Source Match Local News
By Svea Herbst-Bayliss BOSTON (Reuters) - The homemade bombs that ripped through the crowd at the finish line of last year's Boston Marathon, killing three people and injuring 264, showcased the city's medical talent but also taught valuable lessons in responding to a mass disaster. By all accounts, Boston's hospitals performed well after the attacks on April 15, 2013. Looking back, a year after their hospitals were packed with blast victims, Boston officials have tweaked how they prepare for a disaster, now requiring city emergency medical personnel to carry tourniquets and developing a standard method for one city agency to track disaster victims in hospitals.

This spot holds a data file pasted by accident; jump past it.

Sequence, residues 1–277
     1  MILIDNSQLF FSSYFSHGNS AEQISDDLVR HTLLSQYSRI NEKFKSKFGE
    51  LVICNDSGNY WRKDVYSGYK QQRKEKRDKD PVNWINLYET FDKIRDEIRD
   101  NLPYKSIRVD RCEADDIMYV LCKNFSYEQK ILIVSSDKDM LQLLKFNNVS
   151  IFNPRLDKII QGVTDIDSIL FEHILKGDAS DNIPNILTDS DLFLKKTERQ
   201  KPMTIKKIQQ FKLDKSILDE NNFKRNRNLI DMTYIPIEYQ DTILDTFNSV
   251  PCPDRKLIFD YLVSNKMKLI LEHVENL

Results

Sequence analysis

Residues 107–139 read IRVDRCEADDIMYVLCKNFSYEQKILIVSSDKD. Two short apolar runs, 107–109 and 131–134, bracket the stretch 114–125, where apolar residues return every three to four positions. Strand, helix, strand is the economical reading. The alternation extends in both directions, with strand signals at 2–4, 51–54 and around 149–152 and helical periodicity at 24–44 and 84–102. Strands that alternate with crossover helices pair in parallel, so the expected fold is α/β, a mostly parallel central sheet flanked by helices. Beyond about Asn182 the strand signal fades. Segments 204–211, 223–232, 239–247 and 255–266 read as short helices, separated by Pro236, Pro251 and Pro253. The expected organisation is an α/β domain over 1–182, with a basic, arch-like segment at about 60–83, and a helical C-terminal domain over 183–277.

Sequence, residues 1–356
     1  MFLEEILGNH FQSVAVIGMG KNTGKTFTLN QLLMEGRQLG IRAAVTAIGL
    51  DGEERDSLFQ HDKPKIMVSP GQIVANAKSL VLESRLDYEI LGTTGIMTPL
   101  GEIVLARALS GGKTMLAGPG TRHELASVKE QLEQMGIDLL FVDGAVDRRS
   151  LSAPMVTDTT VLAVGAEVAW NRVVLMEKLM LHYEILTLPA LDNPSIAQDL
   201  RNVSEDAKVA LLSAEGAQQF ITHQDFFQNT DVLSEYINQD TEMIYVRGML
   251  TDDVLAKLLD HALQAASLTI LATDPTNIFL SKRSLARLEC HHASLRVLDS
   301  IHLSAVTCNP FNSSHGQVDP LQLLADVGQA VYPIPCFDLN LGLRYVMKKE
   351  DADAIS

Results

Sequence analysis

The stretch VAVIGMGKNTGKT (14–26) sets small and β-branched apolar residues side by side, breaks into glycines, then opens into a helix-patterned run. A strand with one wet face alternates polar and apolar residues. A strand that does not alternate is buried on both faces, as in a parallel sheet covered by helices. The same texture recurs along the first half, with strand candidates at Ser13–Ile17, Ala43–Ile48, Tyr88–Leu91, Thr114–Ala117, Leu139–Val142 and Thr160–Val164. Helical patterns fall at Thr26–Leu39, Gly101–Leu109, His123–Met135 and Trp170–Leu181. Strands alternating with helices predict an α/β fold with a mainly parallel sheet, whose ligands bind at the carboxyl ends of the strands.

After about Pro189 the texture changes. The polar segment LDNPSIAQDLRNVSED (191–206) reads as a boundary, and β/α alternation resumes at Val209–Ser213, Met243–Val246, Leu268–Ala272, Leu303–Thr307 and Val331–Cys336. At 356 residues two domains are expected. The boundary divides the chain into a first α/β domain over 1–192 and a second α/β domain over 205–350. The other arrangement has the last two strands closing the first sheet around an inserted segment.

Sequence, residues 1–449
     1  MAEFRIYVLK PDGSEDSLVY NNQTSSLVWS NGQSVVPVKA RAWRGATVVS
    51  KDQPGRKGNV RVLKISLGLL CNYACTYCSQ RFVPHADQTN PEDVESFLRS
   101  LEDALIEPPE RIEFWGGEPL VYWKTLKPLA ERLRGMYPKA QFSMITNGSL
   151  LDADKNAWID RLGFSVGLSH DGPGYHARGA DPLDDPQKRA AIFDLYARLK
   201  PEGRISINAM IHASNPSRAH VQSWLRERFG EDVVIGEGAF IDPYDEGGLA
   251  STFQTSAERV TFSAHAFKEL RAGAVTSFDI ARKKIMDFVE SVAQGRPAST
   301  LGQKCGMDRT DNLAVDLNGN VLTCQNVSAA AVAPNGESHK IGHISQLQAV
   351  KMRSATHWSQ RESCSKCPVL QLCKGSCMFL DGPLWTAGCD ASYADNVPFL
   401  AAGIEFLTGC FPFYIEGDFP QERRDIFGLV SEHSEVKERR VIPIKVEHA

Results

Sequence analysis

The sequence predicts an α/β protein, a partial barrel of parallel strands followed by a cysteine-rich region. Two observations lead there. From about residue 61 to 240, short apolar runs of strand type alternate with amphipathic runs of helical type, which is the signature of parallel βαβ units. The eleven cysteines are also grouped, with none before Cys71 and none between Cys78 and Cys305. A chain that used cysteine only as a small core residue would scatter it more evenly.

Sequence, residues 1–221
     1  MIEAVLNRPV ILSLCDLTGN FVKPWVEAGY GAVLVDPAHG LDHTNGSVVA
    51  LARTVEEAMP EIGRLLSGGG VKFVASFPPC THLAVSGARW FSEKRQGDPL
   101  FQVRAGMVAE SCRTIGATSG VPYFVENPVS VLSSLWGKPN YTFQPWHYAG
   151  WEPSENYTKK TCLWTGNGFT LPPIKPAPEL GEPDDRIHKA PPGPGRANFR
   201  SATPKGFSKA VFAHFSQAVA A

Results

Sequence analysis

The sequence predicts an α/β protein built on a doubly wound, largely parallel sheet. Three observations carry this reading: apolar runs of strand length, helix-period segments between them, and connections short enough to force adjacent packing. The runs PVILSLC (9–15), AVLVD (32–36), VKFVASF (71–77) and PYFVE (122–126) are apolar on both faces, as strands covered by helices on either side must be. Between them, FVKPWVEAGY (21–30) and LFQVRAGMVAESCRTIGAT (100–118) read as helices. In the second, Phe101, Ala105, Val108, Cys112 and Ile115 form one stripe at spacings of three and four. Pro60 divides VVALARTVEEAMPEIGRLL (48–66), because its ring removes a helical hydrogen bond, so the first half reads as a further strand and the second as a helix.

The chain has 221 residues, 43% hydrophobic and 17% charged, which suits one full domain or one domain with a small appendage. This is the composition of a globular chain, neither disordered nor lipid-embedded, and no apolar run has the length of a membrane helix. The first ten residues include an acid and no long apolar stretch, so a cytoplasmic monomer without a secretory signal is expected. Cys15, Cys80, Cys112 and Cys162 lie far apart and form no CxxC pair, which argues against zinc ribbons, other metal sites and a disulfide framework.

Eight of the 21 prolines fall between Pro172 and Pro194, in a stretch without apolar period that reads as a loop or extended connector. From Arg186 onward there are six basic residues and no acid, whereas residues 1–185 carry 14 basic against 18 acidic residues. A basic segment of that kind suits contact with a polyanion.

By Paul Carrel FRANKFURT (Reuters) - As recently as last November, Jens Weidmann steadfastly opposed any move by the European Central Bank to print money to buy assets and buoy the euro zone economy. The Bundesbank chief, known for his hardline stances at the ECB and as head of the German central bank, is now ready to support such quantitative easing (QE) if he and his ECB colleagues deem it necessary. Euro zone inflation has slowed to 0.5 percent from 0.9 percent in November, falling far below the ECB's target of just under 2 percent and stoking fears the bloc could become stuck in a prolonged period of so-called "low-flation", or even sink into outright deflation. Seeking to head off such a drop in inflation expectations, the ECB's governing council said earlier this month it was unanimous in its commitment to use unconventional tools - central bank-speak for things like QE - to counter a protracted period of low inflation.